All bishops have a coat of arms. When Bishop Declan was appointed as the ninth Bishop of Clifton in 2001, one of the tasks was to prepare a Coat of Arms. This was done by Father Philip McBrien a priest from the Nottingham Diocese. Father Philip explains the various elements that make up Bishop’s Coat of Arms.
The heraldic description first: for the Clifton Diocese:
azure two bars wavy argent in chief two keys linked one or the other of the second in saltaire with a sword pointing upwards of the second the pommel and hilt of the third in base a fleur-de-lys of the third. And for Bishop Declan: sable a fess argent in chief two cinqfoils of the second in base on a mount of the second an oak sprig acorned proper a Book of Gospels closed vert charged with a latin cross.
Now, a more user friendly description: The left side of the shield is for the Clifton Diocese, and the right for the bishop. The design for Bishop Declan’s is based on a shield once used by a family called Lang, differenced (changed) with the Book of Gospels for St Declan who brought the Gospel message to the people of the South East of Ireland.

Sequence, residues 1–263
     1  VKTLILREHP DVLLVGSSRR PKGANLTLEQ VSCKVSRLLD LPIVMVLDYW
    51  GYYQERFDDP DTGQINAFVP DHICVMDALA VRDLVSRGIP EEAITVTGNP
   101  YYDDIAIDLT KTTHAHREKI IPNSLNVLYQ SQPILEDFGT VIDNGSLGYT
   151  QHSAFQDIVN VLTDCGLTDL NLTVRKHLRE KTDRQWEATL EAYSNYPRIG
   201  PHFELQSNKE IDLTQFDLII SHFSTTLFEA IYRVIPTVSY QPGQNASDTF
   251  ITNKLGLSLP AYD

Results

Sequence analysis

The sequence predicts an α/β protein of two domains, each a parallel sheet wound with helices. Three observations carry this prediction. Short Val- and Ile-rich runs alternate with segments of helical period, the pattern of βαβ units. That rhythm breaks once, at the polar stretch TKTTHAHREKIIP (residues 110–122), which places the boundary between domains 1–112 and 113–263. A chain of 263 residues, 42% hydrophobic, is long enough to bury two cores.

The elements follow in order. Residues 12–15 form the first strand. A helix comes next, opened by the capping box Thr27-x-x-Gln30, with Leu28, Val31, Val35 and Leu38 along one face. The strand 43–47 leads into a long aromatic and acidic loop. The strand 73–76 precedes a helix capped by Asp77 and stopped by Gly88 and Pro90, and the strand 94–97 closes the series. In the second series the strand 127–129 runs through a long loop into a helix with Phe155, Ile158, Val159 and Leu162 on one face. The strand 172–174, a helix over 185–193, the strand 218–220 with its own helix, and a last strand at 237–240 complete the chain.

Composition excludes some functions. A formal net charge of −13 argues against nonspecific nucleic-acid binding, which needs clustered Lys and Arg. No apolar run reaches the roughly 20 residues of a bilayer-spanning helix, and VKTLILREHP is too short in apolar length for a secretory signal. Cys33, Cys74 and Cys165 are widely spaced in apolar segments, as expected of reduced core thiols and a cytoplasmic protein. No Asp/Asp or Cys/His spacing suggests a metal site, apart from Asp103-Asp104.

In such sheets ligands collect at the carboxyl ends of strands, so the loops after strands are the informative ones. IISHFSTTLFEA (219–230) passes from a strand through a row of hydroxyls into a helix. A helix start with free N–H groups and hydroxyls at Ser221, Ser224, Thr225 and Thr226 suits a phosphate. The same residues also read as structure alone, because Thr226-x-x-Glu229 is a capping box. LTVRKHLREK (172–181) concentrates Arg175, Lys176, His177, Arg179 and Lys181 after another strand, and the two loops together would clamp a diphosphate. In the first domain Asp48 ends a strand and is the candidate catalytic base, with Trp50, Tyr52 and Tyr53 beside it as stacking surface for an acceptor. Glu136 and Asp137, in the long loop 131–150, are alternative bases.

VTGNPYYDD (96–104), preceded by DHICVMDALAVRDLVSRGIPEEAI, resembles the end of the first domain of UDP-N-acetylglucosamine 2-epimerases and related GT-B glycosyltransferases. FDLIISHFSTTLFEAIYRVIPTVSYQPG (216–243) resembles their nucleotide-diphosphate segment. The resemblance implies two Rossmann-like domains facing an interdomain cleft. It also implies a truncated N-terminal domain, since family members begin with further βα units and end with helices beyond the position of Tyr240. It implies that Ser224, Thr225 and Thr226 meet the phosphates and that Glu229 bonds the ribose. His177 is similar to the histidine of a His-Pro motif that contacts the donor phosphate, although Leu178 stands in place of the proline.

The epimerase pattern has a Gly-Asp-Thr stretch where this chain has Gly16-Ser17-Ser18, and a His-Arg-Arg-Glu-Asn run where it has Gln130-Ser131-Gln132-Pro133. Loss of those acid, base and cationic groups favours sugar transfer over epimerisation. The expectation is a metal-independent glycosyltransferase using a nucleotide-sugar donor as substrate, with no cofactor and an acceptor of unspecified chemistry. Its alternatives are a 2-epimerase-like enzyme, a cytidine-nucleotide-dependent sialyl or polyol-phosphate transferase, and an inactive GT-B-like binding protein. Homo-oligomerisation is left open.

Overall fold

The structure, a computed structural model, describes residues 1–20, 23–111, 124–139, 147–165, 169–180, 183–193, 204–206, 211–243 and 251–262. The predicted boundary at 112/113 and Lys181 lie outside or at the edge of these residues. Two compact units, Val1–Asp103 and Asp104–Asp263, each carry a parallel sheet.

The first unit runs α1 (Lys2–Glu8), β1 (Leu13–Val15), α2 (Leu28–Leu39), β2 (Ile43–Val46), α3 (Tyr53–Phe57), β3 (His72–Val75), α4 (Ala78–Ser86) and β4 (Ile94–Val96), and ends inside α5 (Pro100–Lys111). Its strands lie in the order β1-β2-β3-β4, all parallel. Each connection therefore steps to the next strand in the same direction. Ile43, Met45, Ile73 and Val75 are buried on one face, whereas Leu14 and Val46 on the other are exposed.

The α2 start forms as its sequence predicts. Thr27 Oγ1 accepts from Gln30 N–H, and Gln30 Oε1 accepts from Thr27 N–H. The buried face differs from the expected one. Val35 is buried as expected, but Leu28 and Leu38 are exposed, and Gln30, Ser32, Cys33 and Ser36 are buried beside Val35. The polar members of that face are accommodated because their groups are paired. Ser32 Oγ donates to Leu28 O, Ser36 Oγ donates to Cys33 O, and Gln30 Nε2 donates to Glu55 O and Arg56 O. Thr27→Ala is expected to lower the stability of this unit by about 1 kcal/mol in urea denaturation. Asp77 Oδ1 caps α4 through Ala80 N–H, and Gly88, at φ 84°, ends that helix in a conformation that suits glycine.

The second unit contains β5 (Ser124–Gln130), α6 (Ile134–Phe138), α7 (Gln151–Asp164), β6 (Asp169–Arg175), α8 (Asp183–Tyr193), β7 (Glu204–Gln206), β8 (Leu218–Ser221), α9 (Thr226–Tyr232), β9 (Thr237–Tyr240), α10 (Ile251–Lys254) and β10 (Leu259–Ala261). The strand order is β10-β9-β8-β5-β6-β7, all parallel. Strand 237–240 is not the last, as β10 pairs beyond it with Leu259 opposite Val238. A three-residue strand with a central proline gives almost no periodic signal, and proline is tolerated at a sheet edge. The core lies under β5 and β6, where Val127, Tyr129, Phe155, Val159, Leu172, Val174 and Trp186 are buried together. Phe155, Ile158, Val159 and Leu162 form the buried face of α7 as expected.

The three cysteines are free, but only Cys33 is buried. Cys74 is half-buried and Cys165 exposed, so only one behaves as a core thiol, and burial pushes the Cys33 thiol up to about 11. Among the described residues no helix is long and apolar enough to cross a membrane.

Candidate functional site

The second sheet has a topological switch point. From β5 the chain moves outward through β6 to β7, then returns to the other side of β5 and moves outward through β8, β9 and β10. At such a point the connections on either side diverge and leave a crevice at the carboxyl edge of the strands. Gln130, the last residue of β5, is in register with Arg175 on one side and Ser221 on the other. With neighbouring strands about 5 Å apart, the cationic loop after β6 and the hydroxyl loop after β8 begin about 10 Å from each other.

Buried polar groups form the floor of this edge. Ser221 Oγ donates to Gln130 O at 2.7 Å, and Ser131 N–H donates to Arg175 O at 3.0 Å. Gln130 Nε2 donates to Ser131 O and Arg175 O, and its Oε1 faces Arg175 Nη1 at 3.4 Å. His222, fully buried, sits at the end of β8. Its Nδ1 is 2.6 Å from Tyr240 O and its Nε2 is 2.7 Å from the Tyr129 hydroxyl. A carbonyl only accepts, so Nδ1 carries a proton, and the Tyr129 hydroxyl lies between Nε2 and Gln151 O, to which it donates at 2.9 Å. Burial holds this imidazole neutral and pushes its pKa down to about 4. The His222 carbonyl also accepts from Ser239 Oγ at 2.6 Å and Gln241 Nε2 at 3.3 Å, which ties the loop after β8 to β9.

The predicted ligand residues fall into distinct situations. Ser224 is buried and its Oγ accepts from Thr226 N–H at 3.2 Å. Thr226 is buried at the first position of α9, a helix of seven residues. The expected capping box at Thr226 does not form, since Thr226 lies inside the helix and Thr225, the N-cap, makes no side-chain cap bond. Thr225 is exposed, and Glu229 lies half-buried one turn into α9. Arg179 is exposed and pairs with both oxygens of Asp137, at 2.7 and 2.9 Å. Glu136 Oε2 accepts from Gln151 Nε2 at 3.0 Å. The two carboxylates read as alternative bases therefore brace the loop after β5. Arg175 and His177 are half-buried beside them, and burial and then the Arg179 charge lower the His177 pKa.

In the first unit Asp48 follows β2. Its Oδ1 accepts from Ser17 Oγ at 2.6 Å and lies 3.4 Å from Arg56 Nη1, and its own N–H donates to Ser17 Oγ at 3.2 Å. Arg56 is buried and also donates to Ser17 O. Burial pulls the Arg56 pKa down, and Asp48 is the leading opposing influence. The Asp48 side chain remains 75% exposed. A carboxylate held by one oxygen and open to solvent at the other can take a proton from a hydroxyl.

So for the Clifton Diocese we can say: A blue shield with two white wavy lines across the centre for the two rivers that meet at Bristol, above is the symbol of the keys and sword for SS Peter and Paul the patrons of the Cathedral, and below is a golden fleur-de-lys in honour of Our Lady the patroness of the diocese.
For Bishop Declan: A black shield with a white band across the middle above are two cinqfoils (five-lobed petals) below is a white mount with an oak sprig with an acorn. The green Book of Gospels in the centre remembers the bishop’s name (St Declan was an Evangelist in Ireland) and the task of the bishop in spreading the Gospel.
Father Philip McBrien